There is actually an incredible amount of glass types available for use, from panels that can be walked on to glass for windows to panels that have metal wire woven right into it.
It all depends what you need.
Here are the most common types of glass:
Annealed: Ever wonder how a sheet of glass is perfectly flat? Its easy once you have a molten vat full of tin or mercury (mercury is not used very much anymore). The molten glass is floated across and from there allowed to cool into a flat sheet. The thickness depends on simply the amount of molten glass being poured in and the time it is allowed to congeal. A lot of time and a lot of product makes for a lot of thick glass…
A paneled thickness runs from around 3mm and up. In between that are a lot of specialized types that are used in different applications:
Laminated: Laminated panels is used generally in high security applications. A thin layer of plastic is sandwiched and glued between two sheets of glass. This allows the laminated panels to not break very quickly and if it does the plastic sticks between the layers and does not allow the glass to be easily penetrated.
Laminated glass can also have several different types of plastic inside due several different applications such as stopping UV rays, sound proofing, colour and such.
Coated: Usually a thin layer of metal or other gases are applied in a vacuum which allows for special transmission properties such as scratch resistance, corrosion resistance or other uses. You won’t see a lot of this at a local glass shop, as its mainly contained to high end industrial applications.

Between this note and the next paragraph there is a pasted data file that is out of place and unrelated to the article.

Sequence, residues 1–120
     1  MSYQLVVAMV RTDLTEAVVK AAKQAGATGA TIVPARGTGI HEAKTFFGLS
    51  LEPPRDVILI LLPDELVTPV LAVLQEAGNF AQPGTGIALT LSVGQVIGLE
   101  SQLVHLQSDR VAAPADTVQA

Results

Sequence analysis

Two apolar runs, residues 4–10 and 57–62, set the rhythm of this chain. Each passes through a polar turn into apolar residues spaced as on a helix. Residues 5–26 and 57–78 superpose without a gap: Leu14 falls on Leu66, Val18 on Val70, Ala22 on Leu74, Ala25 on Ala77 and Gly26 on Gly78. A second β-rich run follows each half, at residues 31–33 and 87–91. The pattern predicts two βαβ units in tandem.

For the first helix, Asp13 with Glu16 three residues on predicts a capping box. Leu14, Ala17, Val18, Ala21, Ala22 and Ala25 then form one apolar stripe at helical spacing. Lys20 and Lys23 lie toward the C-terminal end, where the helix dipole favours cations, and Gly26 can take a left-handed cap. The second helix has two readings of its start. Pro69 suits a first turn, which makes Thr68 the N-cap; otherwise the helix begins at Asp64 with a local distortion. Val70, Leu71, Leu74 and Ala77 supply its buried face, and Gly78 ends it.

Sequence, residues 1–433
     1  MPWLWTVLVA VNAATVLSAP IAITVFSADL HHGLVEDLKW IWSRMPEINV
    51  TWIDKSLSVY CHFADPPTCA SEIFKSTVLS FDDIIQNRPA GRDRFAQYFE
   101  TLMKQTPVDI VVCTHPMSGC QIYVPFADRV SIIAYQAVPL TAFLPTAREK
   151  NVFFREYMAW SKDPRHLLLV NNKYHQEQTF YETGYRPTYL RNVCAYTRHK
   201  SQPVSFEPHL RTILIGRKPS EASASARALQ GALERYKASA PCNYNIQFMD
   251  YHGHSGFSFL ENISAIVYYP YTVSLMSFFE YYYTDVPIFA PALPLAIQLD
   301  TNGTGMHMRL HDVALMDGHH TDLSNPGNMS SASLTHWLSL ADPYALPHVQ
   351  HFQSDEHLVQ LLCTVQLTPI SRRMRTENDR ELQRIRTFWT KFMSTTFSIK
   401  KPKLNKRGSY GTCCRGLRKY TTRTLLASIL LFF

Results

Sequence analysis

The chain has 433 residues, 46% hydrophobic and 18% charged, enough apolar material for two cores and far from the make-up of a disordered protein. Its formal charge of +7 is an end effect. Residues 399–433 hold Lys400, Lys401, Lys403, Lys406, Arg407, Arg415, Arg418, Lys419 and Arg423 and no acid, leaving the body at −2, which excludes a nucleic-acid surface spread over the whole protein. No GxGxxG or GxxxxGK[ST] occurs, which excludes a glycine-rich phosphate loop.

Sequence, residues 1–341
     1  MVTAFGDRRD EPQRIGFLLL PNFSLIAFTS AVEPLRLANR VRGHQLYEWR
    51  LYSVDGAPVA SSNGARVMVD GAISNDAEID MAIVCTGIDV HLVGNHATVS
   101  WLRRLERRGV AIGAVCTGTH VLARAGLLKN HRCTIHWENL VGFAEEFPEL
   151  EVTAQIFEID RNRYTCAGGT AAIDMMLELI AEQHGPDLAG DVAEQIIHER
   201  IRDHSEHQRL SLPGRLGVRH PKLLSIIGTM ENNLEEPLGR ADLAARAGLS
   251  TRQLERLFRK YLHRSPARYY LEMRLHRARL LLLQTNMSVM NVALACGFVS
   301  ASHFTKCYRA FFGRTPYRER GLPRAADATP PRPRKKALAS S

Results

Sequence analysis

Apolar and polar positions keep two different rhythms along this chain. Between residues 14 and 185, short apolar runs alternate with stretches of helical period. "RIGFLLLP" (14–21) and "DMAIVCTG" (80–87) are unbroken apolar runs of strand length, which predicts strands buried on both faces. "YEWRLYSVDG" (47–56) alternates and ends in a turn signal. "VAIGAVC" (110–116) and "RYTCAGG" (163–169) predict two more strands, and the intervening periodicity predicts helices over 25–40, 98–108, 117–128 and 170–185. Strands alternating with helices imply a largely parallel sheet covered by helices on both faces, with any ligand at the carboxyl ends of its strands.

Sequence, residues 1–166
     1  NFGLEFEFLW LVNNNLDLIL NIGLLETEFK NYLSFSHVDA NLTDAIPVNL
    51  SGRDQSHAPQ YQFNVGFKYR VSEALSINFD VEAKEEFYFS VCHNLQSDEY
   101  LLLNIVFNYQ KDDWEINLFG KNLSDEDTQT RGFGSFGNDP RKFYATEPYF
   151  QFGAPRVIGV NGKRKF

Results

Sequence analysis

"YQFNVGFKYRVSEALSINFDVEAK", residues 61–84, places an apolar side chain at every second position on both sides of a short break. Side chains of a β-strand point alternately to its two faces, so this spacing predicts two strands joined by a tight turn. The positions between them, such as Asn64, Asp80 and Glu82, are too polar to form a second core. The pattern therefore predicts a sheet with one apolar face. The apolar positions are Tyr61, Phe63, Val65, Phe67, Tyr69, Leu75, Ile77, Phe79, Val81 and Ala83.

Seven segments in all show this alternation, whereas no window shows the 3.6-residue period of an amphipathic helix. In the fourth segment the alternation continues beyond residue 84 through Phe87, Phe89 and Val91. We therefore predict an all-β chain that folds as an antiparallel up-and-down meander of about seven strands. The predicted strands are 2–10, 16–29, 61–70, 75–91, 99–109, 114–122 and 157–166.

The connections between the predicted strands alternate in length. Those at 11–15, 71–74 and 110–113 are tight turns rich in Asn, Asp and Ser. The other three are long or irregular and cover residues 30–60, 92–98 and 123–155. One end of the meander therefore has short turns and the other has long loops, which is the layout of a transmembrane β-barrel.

One way glass just has no protective paint and a thinner layer of metal.
Patterned: Patterned glass is simply a flat glass that is passed through a negative mold of the desired effect. Most of the times the glass is thicker than average so that the pattern will have some strength. There are numerous styles to choose from.
Tempered: A lot of people wonder why tempered units take longer to get and why it is so much more expensive, and there is a good reason for that!
Tempered units have to break into very small shards so that if it does break there are no huge daggers of glass that could lead to loss of life and serious damage. Think of what a car window looks like after an accident… small pieces of glass everywhere but no huge shards. That can reduce injuries very quickly.
The way they make it is that the tempered panel is heated at around 600 then rapidly cooled on the exterior while the inside remains molten. The different cooling areas produce more strength and the characteristic pattern of small pieces if broken.